Ward, M. J., Thirdborough, S. M., Mellows, T., Riley, C., Harris, S., Suchak, K., ... & Cox, H. J. (2014). Tumour-infiltrating lymphocytes predict for outcome in HPV-positive oropharyngeal cancer. British journal of cancer, 110(2), 489-500.

Chacko, B. K., Kramer, P. A., Ravi, S., Johnson, M. S., Hardy, R. W., Ballinger, S. W., & Darley-Usmar, V. M. (2013). Methods for defining distinct bioenergetic profiles in platelets, lymphocytes, monocytes, and neutrophils, and the oxidative burst from human blood. Laboratory investigation, 93(6), 690-700.

Ziegler, P., Schettgen, T., Wilop, S., Quintete, N. S., Ziegler, S., Beier, F., ... & Brümmendorf, T. H. (2014). The 3-OH Derivative of the Polychlorinated Biphenyl (PCB)-28 Inhibits Telomerase Expression and Accelerates Telomere Shortening in Vitro: A Rationale for the Significantly Shortened Telomere Length Found in Peripheral Blood Lymphocytes of Workers Exposed to High Doses of Lower Chlorinated PCBs. Blood, 124(21), 4139-4139.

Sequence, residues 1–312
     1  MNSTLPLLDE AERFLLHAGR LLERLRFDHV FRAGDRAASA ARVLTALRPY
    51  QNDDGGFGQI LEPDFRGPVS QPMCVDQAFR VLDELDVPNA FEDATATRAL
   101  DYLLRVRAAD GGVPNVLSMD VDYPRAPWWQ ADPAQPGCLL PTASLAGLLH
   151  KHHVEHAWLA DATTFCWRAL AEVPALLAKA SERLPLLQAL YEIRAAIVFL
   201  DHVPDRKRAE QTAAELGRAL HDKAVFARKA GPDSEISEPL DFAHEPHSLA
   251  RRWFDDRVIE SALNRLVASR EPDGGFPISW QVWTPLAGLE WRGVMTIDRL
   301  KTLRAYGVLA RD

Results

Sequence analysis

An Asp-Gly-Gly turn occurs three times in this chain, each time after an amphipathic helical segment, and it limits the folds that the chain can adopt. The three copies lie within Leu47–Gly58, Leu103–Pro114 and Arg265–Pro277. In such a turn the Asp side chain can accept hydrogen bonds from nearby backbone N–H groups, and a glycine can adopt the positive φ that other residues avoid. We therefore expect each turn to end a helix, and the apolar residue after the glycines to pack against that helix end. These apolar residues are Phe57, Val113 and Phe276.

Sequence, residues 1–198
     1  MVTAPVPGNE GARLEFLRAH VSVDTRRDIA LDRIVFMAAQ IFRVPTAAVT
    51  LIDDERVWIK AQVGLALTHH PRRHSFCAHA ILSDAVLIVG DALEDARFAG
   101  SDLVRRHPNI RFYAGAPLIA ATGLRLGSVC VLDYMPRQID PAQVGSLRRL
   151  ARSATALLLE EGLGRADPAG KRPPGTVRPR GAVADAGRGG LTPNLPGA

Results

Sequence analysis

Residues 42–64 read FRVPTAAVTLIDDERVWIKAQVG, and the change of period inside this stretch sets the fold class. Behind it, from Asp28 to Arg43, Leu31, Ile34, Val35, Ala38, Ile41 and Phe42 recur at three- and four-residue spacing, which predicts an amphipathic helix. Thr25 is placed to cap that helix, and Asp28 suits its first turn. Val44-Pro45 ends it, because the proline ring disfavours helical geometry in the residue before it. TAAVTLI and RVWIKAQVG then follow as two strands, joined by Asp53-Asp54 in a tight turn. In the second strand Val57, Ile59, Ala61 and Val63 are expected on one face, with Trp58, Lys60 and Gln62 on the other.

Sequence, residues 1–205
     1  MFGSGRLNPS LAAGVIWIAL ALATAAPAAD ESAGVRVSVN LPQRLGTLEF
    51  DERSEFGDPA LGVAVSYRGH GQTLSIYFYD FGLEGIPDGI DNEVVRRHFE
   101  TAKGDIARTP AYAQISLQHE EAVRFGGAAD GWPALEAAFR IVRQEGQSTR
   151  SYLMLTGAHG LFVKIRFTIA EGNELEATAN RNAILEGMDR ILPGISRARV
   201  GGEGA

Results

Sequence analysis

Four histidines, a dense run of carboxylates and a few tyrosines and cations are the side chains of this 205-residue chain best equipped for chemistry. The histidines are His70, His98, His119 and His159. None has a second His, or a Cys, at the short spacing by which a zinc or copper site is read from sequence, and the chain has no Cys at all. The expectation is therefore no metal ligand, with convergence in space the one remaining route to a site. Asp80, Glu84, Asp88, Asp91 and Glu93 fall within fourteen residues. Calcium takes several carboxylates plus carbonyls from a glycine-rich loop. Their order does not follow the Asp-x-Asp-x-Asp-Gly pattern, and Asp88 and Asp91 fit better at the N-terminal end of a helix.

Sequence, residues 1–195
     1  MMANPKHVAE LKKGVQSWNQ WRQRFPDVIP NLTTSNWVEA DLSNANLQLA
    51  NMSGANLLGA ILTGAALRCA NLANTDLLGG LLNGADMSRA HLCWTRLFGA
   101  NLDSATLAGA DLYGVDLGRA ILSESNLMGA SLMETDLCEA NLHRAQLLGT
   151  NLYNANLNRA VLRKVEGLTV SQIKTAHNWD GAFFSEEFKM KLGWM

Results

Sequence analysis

Bertucci, A., Smilenov, L. B., Turner, H. C., Amundson, S. A., & Brenner, D. J. (2016). In vitro RABiT measurement of dose rate effects on radiation induction of micronuclei in human peripheral blood lymphocytes. Radiation and Environmental Biophysics, 1-7.

Stayner, L. T., Pedersen, M., Patelarou, E., Decordier, I., Loock, K. V., Chatzi, L., ... & Stephanou, E. G. (2014). Exposure to brominated trihalomethanes in water during pregnancy and micronuclei frequency in maternal and cord blood lymphocytes. Environmental Health Perspectives (Online), 122(1), 100.

Gary, T., Pichler, M., Belaj, K., Hafner, F., Gerger, A., Froehlich, H., ... & Brodmann, M. (2013). Platelet-to-lymphocyte ratio: a novel marker for critical limb ischemia in peripheral arterial occlusive disease patients. PLoS One, 8(7), e67688.

Doherty, E., Oaks, Z., & Perl, A. (2014). Increased mitochondrial electron transport chain activity at complex I is regulated by N-acetylcysteine in lymphocytes of patients with systemic lupus erythematosus. Antioxidants & redox signaling, 21(1), 56-65.

Reviewed and Approved by a member of the DoveMed Editorial Board
First uploaded: June 4, 2016
Last updated: June 4, 2016